patent US 3260009 Liberator Shotgun

patent US 3260009 Liberator Shotgun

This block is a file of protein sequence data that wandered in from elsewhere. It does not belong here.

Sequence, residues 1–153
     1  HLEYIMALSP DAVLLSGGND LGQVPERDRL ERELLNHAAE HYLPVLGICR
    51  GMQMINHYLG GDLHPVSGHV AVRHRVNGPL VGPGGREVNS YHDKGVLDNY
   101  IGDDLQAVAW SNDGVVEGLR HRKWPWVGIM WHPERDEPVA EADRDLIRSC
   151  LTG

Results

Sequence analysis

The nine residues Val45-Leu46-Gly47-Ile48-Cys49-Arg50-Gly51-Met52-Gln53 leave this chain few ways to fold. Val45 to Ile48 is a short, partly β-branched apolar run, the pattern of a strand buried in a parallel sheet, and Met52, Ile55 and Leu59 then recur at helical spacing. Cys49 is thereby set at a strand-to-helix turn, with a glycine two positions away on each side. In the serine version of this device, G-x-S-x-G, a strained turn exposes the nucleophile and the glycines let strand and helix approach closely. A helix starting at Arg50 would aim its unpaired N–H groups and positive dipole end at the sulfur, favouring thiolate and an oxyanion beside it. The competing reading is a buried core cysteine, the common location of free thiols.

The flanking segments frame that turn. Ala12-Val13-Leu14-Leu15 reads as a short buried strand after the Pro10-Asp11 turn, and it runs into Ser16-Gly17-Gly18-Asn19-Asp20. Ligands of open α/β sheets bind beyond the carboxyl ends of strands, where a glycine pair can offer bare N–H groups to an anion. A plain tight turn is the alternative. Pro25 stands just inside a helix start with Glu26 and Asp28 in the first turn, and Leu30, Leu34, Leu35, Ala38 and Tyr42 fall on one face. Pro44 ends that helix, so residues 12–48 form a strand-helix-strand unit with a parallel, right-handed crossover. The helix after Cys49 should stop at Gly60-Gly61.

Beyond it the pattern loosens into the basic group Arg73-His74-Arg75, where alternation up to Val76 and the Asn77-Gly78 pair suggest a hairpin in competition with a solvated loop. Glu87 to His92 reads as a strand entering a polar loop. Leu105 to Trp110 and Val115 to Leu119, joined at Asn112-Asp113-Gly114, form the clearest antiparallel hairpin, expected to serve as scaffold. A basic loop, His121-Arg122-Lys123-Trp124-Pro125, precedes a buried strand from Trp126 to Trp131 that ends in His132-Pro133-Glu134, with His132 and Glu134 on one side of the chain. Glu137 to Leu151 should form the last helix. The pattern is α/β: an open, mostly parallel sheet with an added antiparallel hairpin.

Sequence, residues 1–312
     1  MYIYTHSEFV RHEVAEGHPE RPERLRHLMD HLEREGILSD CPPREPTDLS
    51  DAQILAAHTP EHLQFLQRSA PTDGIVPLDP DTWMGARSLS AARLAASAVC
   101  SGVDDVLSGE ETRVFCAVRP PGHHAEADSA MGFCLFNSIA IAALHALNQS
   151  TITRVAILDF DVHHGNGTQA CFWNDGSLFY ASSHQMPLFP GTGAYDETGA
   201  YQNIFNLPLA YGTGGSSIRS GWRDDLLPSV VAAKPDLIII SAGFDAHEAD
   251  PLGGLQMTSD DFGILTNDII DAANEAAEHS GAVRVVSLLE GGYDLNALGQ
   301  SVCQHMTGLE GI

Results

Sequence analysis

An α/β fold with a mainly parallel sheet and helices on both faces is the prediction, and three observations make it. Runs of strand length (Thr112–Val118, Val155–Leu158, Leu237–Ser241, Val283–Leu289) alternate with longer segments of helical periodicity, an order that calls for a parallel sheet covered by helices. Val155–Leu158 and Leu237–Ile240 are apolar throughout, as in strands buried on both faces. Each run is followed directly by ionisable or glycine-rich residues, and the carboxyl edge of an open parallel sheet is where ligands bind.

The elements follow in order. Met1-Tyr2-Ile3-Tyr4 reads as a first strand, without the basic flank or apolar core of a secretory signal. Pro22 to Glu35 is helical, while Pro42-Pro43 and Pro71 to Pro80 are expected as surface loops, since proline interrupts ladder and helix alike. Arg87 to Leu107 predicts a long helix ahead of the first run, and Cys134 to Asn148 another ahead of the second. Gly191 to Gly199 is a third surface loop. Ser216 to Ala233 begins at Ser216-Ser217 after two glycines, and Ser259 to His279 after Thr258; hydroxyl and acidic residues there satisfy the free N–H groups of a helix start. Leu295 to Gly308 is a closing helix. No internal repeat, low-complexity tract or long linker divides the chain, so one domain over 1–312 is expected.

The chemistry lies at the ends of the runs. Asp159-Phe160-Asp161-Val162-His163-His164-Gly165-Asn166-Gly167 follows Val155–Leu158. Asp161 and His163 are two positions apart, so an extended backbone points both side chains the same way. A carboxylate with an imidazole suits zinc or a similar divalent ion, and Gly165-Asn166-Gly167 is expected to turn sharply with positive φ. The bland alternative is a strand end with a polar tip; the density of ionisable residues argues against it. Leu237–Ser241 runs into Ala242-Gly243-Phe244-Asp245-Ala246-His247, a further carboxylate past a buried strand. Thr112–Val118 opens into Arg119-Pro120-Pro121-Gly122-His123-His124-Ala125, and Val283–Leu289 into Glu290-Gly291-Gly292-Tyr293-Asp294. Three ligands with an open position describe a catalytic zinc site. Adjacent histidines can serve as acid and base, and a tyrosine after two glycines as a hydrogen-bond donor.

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  July 12, 18966 R. L HILLBERG 3,260,009 MULTI-BARREL FIREARM WITH ROTATABLE AND RECIPROCABLE HAMMER Filed Dec. 23, 1964 5 Sheets-Sheet 1 r i \\ a ‘» \ ‘ \ \ w O I g BY EOBERT L./'//LLBE \ ?wmm ATTORNEY  3,260,009 uly 12, 1966 R. 1 HILLBERG MUL I‘I-BARREL FIREARM WITH ROTATABLE AND RECIPROCABLE HAMMER s Sheets-Sheet z iled Dec. 23,. 1964 INVENTOR. ROBERT . H/LLBERG “M m ATTORNEY  July 12, 1966 R. L. HILLBERG 3,260,009 MULTI-BARREL FIREARM WITH ROTATABLE AND RECIPROCABLE HAMMER Filed Dec. 25, 1964 5 Sheets-Sheet 5 INVENTOR. ROBERT L. H/LLBERG BYM/FW A TZ ORNEV  United States Patent 1 3,260,009 MULTI BARREL FIREARM WITH ROTATABLE AND RECIPROCABLE HAMMER Robert L. Hillberg, Cheshire, Conn., assignor to Olin Mathieson Corporation, a corporation of Virginia Filed Dec. 23, 1964, Ser. No. 420,562 3 Claims. (Cl. 42-69) This invention relates to a multi-barrel close range weapon with high killing potential. More speci?cally, this invention relates to a four barrel break-open ?rearm which has a minimum number of working parts, is simple to operate even by inexperienced personnel, and is economical to manufacture. The ?rearm of this invention is a four barrel weapon adapted for ?ring area type ammunition such as shot shells or the like. This type of ammunition compensates for the accuracy of inexperienced shooters, and the lack of time to take proper aim. A ?xed chamber aligned with each barrel accommo dates a round of ammunition. A queeze type trigger adapted to be pulled by four ?ngers is operative to cook and index a single rotating hammer housed in the rear of the ?rearm. The hammer consecutively actuates a ?ring pin aligned with each chamber to ?re the chamber. The ?ring mechanism s not dependent in any way on re coil or other forces for its operation. A is?re in any given chamber will therefore not effect the ?ring of the rest of the un?red rounds. A am on the hammer s operative to rotate the ham mer and cause a different chamber to be ?red each time the trigger is pulled. The ?rearm of this invention is compact, rugged, re liable, simple to operate and delivers high ?re power at close ranges. Because the ?ring mechanism is extremely simple and has very few moving parts, there is little chance for mal~ functions. The action cannot become jammed as in more conventional ?rearms. The design is rugged and simple so that the ?rearm can be re dily air dropped and used effectively by unskilled shooters with great effect. This invention will now be described in detail with reference to a preferred embodiment llustrated in the ap pended drawings in which: FIGURE is a top plan view of the ?rearm of this invention. FIGURE is a sectional side view of the ?rearm of this invention taken along the line 2—-2 of FIGURE . FIGURE is a side view partly sectioned showing the ?rearm f this invention broken open. FIGURE is a front view of the ?rearm of this inven tion. FIGURE is a sectional view taken along lines 5 5 in FIGURE . FIGURE is an end view of the rotary hammer used in the ?rearm of this invention. FIGURE is a side view of the hammer. FIGURE is a view showing the other end of the ham mer. Referring now to the drawings, the ?rearm comprises a front barrel housing 1 ‘and a rear trigger housing 2 joined together by pivot pin 3. The ?rearm is broken open for loading and unloading shells by pivoting about pin 3, as shown n FIGURE . A atch 4 pivotally attached to barrel housing 1 inter locks with lugs 5 on rear housing 2 to lock the ?rearm in the ?ring position shown in FIGURE . Latch 4 is pro vided with openings 6 which interlock with lugs 5. A spring 7 and plunger 8 act on latch 4 to bias the latch toward its locked position. The barrel housing 1 is provided with barrels, 9, 10, 11 10 15 20 25 30 50 55 60 65 70 3,260,009 Patented July 12, 1966 C€ 2 and 12 as seen in FIGURE . The barrels 9-12 may be formed integral with the housing 1, or may comprise in sel ts ?tted into the housing. Alternatively, the front housing may consist of four individual barrels fastened together by suitable means. A hamber is formed at the breech end of each barrel to accommodate a shotshell or the like. A rip 13 may be provided on barrel housing 1 to fa cilitate handling the ?rearm. The, grip 13 may be formed integral with the barrel housing or attached thereto by conventional means. Trigger housing 2 includes a piston grip portion 14 which may be formed integral with the housing or at tached thereto by conventional means. A reech plug 17 is mounted in rear housing 2. The breech plug has a hollow cylindrical rear portion 18 which accommodates a cylindrical rotating hammer 19. Mounted in the breech plug are a plurality of ?ring pins 16. A ring pin 16 is provided which is aligned with each of the chambers provided in front housing 1. Each ?ring pin is provided with a spring (not shown) urging the ?ring pin rearwardly away from the chamber. A snap ring or equivalent means is utilized to ‘hold each of the ?ring pins 16 in the breech plug. Hammer 19 includes a cylindrical body portion 20 and an enlarged rear shoulder 21. The body portion 20 is concentrically housed in the hollow rear portion 18 of the breech plug 17. A pring 22 extends between the inner end of the hammer 19 and a screw plug 23 which closes and rovides access to the interior of the rear hous ing 2. The spring 22 is guided by guide rod 24 formed integral with or attached to the breech plug 20 and ex tending rearwardly therefrom. The cylindrical hammer 19 is provided with a cam track 30 formed on the outer surface thereof as clearly seen in FIGURE . A in 31 (see FIG. 2) mounted in rear housing 2 engages the cam track and causes the hammer to rotate as it is moved rearwardly and released by the trigger means described below. A lurality of recesses 32, 33 and 34 (see FIG. 8-) are formed in the forward end of hammer 19. These recesses are aligned with {?ring pins mounted in the breech plug so that \those ?ring pins aligned with a recess are not engaged and ?red. Only the single ?ring pin aligned with ‘and en gaged by the portion of the hammer face which is not recessed will be actuated. A rigger 41 is pivotally mounted in grip portion 14 by means of a pivot pin 42. Spring means 43 urges the trigger in a counterclockwise direction about the pivot pin. A awl 45 is mounted in a recess 46 formed in the upper portion of the trigger. A spring 47 is mounted in recess 48 in the trigger and has portions 49 and 50 engaging a recess 51 formed n the pawl. In operation, the ?rearm is broken open as seen in FIGURE and shotshells are positioned in each of the flour chambers. The gun is closed and is ready to be ed. The rigger 41 is then squeezed. The trigger swings in an arc about pivot pin 42 carrying spring loaded pawl 45 on its upper surface. The pawl 45 engages shoulder 21 on hammer 19 and moves the hammer rearwardly. As the hammer moves rearwardly, it compresses hammer spring 22. As the pawl moves rearwardly in an arc, it releases the hammer which moves forward under spring force and strikes one of the ?ring pins 16. Since the :hammer s relieved at three sections 32, 33 and 34 on ts face, only one ?ring pin is engaged by the hammer. Pin 31 riding in cam track 30 on the hammer surface causes the hammer o rotate 90° during each fore and aft recipro cation. When he trigger 41 is released, it is returned to its nor mal ?ring position by spring 43 and pawl 45 is snapped